I’m not clear how anyone else might use them, but the squinting game is handy in literally seeing something more clearly. Squinting alters the amount of light that enters the eye and, therefore, the amount of data that reaches the brain. What is interesting is that the brain has a choice of what to do with that data. I have found my brain responds by filling in the missing data with what is expected in its place. In other words, it creates an image out of memory fragments.

Sunday, January 26, 2014

the book before the paintings

This is the initial book from 2012, sharing my reaction to the Alignments at Carnac. 

Stonehenge is a big attraction. It is amazing and magical. But the number of standing stones that make up the place is so few, compared to Carnac. The Alignment at Carnac, thousands of standing stones, have been poking out of the ground since 4500 BC. Stones, some 18 feet tall, are in rows that stretch several kilometers. I visited them following a day at the cemetery at Omaha Beach. The impact was massive.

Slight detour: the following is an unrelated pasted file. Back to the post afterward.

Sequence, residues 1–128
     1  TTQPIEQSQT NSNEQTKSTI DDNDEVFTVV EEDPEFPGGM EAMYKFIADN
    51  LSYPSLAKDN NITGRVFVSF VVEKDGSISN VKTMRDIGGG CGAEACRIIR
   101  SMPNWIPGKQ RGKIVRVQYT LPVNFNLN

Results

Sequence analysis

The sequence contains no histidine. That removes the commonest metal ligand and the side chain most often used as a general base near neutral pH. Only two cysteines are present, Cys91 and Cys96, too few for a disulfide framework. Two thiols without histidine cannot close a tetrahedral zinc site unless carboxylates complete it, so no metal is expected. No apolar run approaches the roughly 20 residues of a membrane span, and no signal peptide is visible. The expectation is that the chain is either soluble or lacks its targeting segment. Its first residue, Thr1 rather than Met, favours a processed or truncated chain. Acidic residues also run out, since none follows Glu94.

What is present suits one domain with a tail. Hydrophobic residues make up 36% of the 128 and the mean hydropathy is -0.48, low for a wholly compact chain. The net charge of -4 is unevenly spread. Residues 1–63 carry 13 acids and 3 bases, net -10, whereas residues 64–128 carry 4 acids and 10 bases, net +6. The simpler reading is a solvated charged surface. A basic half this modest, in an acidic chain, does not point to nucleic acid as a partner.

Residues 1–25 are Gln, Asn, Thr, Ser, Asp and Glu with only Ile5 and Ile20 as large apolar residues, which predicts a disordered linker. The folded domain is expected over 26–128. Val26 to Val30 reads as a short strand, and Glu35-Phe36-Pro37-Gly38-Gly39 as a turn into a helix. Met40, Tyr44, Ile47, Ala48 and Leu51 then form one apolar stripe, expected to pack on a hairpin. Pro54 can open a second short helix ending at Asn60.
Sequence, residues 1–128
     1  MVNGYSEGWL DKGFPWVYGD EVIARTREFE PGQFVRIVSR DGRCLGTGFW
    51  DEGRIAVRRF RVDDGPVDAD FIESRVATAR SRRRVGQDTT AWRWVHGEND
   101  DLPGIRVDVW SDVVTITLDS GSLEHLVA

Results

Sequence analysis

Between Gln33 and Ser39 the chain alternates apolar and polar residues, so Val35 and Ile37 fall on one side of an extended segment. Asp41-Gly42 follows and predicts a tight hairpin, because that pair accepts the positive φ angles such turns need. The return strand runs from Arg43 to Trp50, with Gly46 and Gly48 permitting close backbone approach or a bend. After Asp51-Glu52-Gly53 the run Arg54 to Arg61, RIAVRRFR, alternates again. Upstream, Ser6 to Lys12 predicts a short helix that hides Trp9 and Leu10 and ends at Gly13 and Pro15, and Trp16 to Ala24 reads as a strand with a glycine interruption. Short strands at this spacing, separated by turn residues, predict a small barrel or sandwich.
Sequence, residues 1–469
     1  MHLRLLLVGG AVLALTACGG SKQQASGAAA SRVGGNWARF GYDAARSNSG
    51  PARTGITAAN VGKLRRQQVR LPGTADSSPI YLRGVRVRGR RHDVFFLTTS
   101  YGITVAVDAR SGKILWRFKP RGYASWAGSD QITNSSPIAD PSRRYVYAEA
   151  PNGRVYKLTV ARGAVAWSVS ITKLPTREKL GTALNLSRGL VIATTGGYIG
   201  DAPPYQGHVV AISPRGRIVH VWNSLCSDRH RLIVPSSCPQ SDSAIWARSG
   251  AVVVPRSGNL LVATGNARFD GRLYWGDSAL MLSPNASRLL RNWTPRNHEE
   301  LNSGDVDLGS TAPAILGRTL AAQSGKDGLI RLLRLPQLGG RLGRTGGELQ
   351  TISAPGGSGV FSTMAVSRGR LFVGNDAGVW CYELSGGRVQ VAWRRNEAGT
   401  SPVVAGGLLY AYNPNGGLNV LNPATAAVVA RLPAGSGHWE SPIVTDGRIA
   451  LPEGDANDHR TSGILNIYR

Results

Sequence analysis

After you have read the online version, click her to see PAINTED CARNAC

Friday, January 10, 2014

Painted Carnac (updated 1-27-2014)

3000 rocks, pointing skyward for 6500 years are endlessly pregnant with meaning lost to those who look only at surfaces. I have wandered between these standing stones and am now and forever drawn to them, the Alignments at Carnac. Read my paintings and drawings as poems written for you in a language prehistoric. Don’t be surprised that you already recognize as familiar this unwritten tongue. If you don’t worry about the spelling you can hear the music, feel the cadence, hear past the lack of logic.

Wednesday, December 25, 2013

Just A Regular Cat in The Christmas Tree

Here is that story you have heard many times: an unexceptional cat discovers a magical tree, covered with tiny glowing fruit, growing indoors.  A voice in the cat's head compels it to explore, read: Climb.

This is a wondrous green tree, almost too easy to climb,  laden with strange apples that have no smell.  Up and up the cat moves, curious and excited.